Tim Leeds Havre Daily News firstname.lastname@example.org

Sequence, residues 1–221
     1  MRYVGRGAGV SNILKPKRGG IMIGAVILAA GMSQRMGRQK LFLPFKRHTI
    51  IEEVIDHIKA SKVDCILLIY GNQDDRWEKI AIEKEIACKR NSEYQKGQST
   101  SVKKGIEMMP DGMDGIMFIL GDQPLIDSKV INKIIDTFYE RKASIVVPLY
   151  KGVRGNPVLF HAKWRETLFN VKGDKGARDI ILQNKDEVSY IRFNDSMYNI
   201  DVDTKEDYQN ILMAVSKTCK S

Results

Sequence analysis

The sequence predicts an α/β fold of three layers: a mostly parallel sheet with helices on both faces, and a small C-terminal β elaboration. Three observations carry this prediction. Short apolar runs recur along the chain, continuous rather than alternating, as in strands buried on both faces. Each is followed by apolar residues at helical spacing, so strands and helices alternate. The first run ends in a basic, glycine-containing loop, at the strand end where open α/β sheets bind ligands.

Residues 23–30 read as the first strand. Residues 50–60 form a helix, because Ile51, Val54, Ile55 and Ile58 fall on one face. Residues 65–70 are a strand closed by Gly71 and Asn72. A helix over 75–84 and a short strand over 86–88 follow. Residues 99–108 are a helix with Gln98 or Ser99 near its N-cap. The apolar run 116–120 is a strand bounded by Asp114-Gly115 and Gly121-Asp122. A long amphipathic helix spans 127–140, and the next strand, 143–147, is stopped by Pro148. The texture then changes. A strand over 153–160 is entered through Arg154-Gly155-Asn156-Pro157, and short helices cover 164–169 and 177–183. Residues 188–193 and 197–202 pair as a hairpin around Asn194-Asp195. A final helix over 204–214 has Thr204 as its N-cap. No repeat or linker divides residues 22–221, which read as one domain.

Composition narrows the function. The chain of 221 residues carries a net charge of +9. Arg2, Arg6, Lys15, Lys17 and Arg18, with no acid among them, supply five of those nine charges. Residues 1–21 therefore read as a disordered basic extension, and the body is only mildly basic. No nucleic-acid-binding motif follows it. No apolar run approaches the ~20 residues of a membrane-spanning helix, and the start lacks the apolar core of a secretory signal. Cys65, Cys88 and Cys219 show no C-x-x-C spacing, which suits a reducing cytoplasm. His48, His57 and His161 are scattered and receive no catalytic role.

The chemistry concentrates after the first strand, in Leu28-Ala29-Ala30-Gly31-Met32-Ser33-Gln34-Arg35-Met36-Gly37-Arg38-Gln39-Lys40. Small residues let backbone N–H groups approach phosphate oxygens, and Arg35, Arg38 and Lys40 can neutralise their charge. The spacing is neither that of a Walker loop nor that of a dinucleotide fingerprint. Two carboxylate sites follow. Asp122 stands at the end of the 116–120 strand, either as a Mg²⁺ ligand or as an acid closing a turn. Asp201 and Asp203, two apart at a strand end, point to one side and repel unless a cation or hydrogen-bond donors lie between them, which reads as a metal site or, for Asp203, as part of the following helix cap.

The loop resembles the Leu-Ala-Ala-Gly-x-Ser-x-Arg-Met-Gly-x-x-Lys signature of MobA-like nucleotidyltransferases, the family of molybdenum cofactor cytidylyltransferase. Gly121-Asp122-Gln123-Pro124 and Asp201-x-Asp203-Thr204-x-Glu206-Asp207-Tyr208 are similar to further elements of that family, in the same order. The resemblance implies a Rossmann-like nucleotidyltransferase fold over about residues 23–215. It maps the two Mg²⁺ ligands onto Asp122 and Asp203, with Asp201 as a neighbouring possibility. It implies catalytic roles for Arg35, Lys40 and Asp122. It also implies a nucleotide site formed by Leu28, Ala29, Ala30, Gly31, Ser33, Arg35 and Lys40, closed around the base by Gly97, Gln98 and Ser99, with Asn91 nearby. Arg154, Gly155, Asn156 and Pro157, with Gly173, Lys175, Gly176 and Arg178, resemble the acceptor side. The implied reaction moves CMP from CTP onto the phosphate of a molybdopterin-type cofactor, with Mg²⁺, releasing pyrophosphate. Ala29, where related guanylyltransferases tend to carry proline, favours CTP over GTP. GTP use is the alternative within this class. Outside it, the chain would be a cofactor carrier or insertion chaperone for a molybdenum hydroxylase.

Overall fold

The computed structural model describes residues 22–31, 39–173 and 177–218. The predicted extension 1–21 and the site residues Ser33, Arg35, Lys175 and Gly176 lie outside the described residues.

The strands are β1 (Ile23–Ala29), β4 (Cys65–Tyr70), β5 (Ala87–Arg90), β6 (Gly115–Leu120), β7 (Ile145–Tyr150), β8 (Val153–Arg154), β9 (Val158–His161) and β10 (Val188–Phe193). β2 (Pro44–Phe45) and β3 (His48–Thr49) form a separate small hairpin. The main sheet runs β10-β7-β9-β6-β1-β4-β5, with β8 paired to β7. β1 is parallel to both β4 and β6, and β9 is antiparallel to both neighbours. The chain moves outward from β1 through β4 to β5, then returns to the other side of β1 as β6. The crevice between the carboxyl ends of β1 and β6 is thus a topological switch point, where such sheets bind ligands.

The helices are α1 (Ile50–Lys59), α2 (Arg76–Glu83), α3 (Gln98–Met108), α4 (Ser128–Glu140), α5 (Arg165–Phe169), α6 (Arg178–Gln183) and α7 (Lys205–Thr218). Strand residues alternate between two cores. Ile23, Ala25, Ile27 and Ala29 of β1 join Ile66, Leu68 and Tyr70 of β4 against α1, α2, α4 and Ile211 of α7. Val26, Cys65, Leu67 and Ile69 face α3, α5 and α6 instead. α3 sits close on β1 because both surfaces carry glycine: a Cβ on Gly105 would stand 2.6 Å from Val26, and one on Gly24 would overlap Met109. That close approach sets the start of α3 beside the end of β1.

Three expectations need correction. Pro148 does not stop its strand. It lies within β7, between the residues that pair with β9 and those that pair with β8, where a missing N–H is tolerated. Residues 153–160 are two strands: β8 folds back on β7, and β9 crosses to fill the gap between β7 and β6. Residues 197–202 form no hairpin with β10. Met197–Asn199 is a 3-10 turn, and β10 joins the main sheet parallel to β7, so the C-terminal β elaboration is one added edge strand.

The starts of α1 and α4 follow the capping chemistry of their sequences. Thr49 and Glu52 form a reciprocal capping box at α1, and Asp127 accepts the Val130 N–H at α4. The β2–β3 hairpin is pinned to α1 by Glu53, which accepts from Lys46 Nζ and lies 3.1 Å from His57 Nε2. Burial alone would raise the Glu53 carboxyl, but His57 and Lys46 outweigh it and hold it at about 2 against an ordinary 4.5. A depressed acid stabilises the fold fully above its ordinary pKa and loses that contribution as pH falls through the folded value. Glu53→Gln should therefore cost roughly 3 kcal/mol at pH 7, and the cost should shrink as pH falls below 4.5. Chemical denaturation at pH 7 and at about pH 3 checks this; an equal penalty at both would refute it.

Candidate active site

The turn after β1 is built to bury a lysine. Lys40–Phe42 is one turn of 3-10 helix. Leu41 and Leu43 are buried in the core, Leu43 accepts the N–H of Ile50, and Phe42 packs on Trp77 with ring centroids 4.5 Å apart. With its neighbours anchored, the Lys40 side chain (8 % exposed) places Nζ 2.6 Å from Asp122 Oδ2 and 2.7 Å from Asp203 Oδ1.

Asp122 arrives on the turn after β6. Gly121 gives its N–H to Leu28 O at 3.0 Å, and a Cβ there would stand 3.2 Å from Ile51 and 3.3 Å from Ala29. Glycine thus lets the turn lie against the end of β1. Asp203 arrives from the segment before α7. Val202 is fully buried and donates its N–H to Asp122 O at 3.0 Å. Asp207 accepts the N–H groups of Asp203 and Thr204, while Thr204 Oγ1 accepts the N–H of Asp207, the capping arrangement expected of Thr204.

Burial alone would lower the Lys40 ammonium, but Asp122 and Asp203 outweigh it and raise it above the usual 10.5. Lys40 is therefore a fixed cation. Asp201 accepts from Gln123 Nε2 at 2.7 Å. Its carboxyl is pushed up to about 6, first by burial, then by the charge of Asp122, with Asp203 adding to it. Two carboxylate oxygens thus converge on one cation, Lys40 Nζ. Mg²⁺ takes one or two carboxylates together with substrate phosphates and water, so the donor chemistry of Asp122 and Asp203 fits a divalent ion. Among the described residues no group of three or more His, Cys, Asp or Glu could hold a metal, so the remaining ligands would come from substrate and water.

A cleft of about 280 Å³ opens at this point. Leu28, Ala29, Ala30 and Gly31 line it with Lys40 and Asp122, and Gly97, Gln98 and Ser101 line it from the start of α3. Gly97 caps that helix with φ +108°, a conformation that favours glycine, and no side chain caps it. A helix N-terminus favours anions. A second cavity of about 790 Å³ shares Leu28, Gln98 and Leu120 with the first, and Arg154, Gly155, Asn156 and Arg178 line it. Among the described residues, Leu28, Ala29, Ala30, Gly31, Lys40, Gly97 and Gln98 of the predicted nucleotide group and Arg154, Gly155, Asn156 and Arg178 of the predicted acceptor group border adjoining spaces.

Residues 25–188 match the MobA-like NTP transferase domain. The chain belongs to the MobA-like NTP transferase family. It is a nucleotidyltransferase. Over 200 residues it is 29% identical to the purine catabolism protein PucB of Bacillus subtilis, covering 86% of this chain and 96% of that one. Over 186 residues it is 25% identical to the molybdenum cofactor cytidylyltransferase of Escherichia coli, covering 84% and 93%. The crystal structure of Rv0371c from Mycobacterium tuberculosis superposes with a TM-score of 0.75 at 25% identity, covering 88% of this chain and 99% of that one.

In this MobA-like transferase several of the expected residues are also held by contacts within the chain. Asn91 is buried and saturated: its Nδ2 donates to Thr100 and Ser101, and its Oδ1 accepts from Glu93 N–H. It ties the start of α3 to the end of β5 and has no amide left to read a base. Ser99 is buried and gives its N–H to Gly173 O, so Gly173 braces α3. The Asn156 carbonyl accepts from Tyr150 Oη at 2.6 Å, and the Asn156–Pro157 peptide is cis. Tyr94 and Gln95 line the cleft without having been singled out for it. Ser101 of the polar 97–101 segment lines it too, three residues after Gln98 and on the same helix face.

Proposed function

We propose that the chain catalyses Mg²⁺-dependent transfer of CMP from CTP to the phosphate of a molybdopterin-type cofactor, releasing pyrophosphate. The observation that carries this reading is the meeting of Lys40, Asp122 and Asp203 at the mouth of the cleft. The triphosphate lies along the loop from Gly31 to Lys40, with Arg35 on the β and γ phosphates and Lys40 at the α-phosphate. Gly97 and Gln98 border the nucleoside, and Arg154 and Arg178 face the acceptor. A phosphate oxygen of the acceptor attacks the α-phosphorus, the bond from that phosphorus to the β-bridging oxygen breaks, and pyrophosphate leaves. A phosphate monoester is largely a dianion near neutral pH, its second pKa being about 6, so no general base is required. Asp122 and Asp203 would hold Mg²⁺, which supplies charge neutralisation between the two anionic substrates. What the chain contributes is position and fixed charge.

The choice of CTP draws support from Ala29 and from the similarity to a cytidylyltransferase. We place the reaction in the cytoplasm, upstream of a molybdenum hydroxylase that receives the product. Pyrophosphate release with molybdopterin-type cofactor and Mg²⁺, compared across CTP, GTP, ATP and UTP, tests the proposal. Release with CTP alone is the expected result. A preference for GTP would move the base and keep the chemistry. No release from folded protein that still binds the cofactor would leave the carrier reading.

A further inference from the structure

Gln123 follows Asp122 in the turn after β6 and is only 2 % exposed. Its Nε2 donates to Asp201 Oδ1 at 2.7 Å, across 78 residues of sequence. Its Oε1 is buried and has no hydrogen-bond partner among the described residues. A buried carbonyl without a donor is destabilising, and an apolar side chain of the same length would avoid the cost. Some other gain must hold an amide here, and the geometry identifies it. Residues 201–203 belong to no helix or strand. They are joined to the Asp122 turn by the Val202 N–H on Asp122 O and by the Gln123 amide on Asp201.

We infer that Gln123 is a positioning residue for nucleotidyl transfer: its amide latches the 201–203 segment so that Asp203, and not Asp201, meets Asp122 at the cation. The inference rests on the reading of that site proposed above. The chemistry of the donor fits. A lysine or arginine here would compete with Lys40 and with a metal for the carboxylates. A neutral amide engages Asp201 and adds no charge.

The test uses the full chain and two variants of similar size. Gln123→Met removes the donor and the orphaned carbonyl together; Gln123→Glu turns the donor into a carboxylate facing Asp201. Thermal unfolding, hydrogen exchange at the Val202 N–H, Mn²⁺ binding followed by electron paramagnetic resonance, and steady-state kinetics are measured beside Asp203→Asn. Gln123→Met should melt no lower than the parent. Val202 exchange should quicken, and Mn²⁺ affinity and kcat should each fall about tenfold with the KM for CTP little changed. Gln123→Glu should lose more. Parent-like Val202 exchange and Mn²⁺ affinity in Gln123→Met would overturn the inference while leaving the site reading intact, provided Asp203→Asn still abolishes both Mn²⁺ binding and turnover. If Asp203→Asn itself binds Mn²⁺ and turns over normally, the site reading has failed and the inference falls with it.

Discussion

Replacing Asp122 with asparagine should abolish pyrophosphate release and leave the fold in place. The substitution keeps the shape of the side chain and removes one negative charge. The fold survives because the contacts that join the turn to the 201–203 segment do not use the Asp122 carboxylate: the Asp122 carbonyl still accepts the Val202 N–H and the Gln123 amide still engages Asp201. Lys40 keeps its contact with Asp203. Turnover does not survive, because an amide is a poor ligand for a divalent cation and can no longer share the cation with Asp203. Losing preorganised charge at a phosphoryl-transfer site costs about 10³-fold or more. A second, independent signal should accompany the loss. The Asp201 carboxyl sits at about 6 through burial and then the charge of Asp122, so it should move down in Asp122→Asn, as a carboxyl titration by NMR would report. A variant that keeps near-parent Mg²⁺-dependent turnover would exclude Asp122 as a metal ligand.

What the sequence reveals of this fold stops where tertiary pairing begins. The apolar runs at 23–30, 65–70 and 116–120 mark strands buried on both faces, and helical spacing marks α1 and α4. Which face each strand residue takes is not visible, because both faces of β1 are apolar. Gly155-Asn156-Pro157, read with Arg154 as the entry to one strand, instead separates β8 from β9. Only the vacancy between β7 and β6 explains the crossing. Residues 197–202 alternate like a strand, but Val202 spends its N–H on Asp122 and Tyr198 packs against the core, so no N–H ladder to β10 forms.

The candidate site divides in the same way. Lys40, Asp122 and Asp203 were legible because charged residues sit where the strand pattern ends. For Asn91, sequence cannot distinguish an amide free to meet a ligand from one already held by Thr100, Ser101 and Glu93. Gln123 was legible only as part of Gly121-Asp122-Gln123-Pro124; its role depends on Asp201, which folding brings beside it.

The Montana National Guard unit headquartered in Havre departs today for Kuwait the second time for the unit in four years to provide support in the war against terrorism after spending a month training at Fort Lewis in Washington. “The training we received here has built up what we have learned over the past year in preparation for this deployment,” said Staff Sgt. Ann L. Kulzcyk of the 639th Combat Sustainment Supply Company. “That is a tribute to our home station trainers and their willingness to go above and beyond to share the knowledge they gained through their research and preparation.” The units of the company left their armories in Havre, Kalispell and Libby on Jan. 4 to travel to Fort Harrison near Helena, then on to Fort Lewis in Washington for final training in preparation for their year-long tour in Iraq. The company of about 120 soldiers will be providing supplying and refueling for up to 18,000 of the soldiers serving in Iraq. The duties will be essentially the same as the company provided when it was deployed there in 2004-05. While soldiers from the company said the busy time training in Washington has been excellent in preparing them, their families and friends in Montana are preparing to spend a year waiting for them to return. The 639th's current 12-month schedule overseas is much shorter than its first a 15-month deployment. On the home front Becky Hofeldt, who lives near Chinook with her husband, Spc. Tim Hofeldt, said knowing her husband will be gone for a year is hard, especially for their children, including her 8-yearold son Ryder and their daughters, 3-year-old Ryley and 9-month-old Kirbey. Becky Hofeldt is also pregnant with the couple's third child. “I think my Ryley is probably taking it the hardest,” Becky said. “She's a daddy’s girl really bad. It's really tough when she wakes up at three in the morning. That’s just like an everyday occurrence. We just don’t sleep around here.” Becky said she is proud of what her husband is doing, although she doesn’t think the children, especially Ryley realize what their father is doing to help them, the citizens of the United States and of the rest of the world, adding, “She just knows daddy got on a plane.” Tim was home this week on a fourday pass, before heading back to Fort Lewis for the departure overseas. “They said the second time (saying goodbye) shouldn’t be as hard, but I think it was harder,” Becky said. A year in preparation The soldiers spent nearly a year, off and on, preparing to deploy, part of an initiative to keep the soldiers closer to home for most of the time while readying for their tour. In its first deployment, the company left for Fort Harrison in November 2003 before traveling to Fort Carson, Colo., for pre-deployment training. The company then deployed overseas from January 2004 through March 200This time the training began in Havre last winter, with sessions held in Fort Harrison over the summer, followed by a shorter period about one month in Fort Lewis. “This training was very intense, demanding and very realistic,” said Sgt. 1st Class Ron Fanning, fuel platoon sergeant. The company commander, Capt. Jeremy Hedges, said the accumulative training worked together well. “The training we received in Helena was on the mark, and this training here in Fort.Lewis added to and reinforced that training,” he said. Staff Sgt. Jeremy Hansen also said the work accomplished in Montana helped get the company ready. “Kudos to our trainers in Montana,” Hansen said. “They prepared us for this training in a professional and excellent manner.” “I am amazed at how well we were prepared for this training. We represented Montana well,” said Spc. Chad Zuelke. Sgt. Adria Hinds said she believes the training has improved with experience over the last few years. “The trainers used knowledge they gained through their deployments to make ours better and more realistic,” she said. “This made me feel better trained this time around.” 1st Lt. Walter Woods, fuel platoon leader, said the varied makeup of the 639th also helped with the training. “Our platoon is unique in that it has soldiers from all three locations,” he said. “The experience of our squad leaders leaders allowed us to overcome some of the difficulties in building effective squad and team cohesion.” Preparing to wait Now all that is left for the friends and families of the soldiers to wait for their return, and to keep in touch as they can. The mailing address to contact the soldiers will not be available until later this month. Family and friends of the soldiers said at the departure on Jan. 4 that once that is available along with telephone and e-mail service, they will try to stay close to their soldiers as much as possible. In providing support from home for the troops, a local business has teamed up with a non-profit organization to help. Gary & Leo’s Fresh Foods is offering Hometown Soldier Care packages for $35 each. The packages, filled with treats, include mailing fees. United Way of Hill County is putting the packages together and mailing them to the soldiers, once they are in Iraq and have an APO address. The drive to raise funds for the packages is planned to continue through the end of February, only, for community members who wish to support this effort. United Way does not have access to the names of the soldiers deployed, unless family members provide them. To make sure a soldier with the 639th receives one of the packages, call Lorraine Verploegen, director of United Way of Hill County at 265- 4383, and add the soldier's name to the mailing list.5.